10 ways to wow job-fair recruiters
As candidates inundate employers at these events, how can you stand out? Fortune's Anne Fisher explains.
(Fortune) -- Dear Annie: I'll be getting my MBA in the spring, and I'd like to meet some prospective employers at a job fair that will be held on campus in a couple of weeks. The only problem is, because of my work schedule, I can only go to the fair for an hour or so. (It's a five-hour event with at least 50 companies expected to show up.) Is it even worth bothering, with so little time? If so, how can I get the most out of it? -Tick Tock
Dear Tick Tock: Yes, it's worth going, but you'll have to put in a bit of extra thought beforehand. First, get a list of the companies who are slated to send recruiters, and pick a few - say, between three and six - who interest you the most. Then rank them in order of your preference. Obviously, this requires that you think hard about why you'd like to work for these particular companies, which will come in handy if a recruiter happens to ask.
Next, have an event strategy, advises Lynne Sarikas, director of the MBA Career Center at Northeastern University.
"Don't start at the first table by the door and work your way around the room. You may spend too much time waiting in line and miss the recruiters you most need to see," says Sarikas. "Instead, prioritize which companies you care about most and concentrate on meeting those at the top of your list."
When you arrive, "quickly scope out the room to see if one of your top-priority companies has no line or a very short one and, if so, go there first," Sarikas suggests. "But do be willing to wait a little for those most important to you if you have to."
For anyone planning to attend a job fair, including your classmates who may have the luxury of spending a whole day there, Salikas offers these additional tips:
Get ready to sell yourself. Have a one-minute "elevator pitch" prepared so you can introduce yourself to employers and quickly give them the headlines of who you are, what you're looking for in a career, and what makes you unique.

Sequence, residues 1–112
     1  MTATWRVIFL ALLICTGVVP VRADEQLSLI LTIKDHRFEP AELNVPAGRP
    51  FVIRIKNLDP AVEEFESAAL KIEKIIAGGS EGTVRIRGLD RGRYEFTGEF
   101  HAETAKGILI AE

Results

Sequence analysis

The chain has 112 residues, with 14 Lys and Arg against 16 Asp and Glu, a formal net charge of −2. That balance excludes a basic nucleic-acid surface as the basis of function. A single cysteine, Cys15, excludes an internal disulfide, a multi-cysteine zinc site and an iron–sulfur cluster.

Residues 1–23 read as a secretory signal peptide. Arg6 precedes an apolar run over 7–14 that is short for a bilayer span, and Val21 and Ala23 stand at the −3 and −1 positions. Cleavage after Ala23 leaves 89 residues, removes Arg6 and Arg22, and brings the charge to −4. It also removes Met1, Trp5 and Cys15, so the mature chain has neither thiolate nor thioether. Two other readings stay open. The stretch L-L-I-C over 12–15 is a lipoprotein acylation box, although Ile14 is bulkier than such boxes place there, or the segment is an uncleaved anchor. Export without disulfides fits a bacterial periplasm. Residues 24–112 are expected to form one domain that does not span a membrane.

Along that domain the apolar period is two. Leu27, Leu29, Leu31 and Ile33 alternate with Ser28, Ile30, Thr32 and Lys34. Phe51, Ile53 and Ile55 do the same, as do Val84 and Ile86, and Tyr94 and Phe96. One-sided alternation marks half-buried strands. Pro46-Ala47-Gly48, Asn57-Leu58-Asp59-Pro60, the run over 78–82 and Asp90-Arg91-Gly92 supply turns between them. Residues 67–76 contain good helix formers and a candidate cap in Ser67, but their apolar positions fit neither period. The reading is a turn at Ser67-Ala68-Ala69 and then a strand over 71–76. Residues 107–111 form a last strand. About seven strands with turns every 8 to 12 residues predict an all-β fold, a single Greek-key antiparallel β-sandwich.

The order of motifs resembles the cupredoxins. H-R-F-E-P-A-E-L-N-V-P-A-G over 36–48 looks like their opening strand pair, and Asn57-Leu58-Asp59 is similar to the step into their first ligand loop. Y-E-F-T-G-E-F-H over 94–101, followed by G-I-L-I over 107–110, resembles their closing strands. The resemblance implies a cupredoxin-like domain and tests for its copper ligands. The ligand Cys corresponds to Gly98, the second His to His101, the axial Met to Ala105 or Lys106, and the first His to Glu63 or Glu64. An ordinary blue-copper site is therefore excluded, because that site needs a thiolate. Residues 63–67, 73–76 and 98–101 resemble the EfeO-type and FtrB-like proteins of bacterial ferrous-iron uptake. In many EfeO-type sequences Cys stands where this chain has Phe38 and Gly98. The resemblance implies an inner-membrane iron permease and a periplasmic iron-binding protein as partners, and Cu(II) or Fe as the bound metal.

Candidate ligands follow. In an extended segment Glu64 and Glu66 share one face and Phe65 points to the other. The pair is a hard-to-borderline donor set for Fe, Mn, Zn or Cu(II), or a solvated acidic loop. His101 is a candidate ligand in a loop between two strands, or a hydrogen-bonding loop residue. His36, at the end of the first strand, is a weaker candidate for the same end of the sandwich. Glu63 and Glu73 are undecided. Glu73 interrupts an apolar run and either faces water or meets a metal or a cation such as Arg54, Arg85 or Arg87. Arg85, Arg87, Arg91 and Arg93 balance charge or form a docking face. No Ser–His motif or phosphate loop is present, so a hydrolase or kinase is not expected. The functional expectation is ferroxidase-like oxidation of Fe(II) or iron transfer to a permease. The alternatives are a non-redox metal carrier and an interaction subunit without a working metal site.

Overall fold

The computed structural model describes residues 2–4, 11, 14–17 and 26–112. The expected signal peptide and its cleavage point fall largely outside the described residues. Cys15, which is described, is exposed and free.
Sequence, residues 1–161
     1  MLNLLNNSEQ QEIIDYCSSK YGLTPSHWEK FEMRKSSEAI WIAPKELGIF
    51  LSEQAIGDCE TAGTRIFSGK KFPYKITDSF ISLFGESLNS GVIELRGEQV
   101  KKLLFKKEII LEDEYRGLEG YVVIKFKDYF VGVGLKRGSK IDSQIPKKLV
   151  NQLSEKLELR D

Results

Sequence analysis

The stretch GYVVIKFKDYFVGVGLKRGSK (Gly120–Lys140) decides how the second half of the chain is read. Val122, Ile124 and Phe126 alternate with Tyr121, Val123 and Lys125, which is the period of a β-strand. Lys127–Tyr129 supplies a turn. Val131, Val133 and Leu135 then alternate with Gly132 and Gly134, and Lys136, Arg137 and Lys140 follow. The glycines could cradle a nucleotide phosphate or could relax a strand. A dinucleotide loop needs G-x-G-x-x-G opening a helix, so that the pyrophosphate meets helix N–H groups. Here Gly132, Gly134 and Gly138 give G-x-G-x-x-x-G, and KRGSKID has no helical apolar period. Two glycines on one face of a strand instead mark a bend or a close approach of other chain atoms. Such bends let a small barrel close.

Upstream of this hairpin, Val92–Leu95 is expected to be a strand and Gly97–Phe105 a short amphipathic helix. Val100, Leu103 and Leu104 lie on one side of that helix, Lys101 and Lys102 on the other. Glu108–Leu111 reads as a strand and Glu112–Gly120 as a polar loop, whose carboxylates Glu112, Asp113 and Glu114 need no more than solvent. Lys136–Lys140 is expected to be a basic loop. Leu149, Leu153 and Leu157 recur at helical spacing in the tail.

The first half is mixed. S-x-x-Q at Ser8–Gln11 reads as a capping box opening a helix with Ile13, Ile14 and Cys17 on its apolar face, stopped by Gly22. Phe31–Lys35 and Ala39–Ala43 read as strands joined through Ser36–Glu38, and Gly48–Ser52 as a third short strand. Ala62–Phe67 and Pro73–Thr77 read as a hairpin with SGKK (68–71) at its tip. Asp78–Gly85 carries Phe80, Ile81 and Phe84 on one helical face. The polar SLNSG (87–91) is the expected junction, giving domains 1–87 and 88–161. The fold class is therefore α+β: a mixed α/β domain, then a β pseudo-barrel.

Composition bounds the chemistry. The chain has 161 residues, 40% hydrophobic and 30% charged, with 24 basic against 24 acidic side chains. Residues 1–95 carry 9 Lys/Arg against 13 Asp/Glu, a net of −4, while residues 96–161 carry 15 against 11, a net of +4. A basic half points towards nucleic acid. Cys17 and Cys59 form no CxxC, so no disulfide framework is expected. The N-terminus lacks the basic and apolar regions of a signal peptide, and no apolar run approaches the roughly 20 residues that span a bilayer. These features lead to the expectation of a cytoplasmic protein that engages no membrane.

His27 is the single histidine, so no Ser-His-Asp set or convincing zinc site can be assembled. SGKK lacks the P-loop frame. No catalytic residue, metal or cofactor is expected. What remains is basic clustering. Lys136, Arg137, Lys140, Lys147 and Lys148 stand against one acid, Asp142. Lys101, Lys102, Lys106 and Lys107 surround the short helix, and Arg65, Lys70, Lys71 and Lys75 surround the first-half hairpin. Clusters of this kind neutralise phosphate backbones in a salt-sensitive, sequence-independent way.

Put your best foot forward. First impressions count. "Wear your best business attire. A professional-looking, conservative business suit is appropriate," says Sarikas. "Avoid heavy fragrances and flashy or too-casual clothing."
Don't be afraid to be yourself. "Every MBA could use the same set of clichéd phrases to describe him- or herself: motivated, hard-working, goal-oriented, and so on," Sarikas observes. "You want to let recruiters know what is unique about you."
Educate yourself about the employers you'll be meeting. What do they do? Who are their customers? What recent press coverage can you find that touches on issues they face or trends in their industries? What types of positions are they seeking to fill, and how do you fit in?
A visit to each corporate web site, and a Google search on each company, can yield loads of useful information.
"Differentiate yourself from others by being knowledgeable," Sarikas says.
Remember who your 'customer' is. "You are selling yourself to the employer, so don't focus exclusively on you," Sarikas says. "Talk about what you can do for them. How do your skills and experience help them address a business need? Insofar as you are able to, know what's important to them, and tell about a prior experience or accomplishment that relates to that."
Bring an ample supply of resumes and business cards. "Make sure your resume is perfect - no typos or other bloopers," says Sarikas.
Follow up within 24 hours. "This is critical. Bear in mind that these recruiters will have met many students that day, so you need to help them remember you," notes Sarikas. "Send a handwritten note so you don't get lost in the recruiter's e-mail inbox. Make your note polite and professional, thanking them for their time and briefly mentioning what interested you most in the conversation you had."
No doubt about it, this will be a lot to pack into an hour - but if you prepare thoroughly beforehand, it could be a highly profitable hour indeed.
Readers, have you ever gotten a job offer after meeting a corporate recruiter at a job fair? What worked (or didn't) for you? If you are a recruiter, what advice do you have to help job fair attendees stand out from the crowd? Post your thoughts on the Ask Annie blog.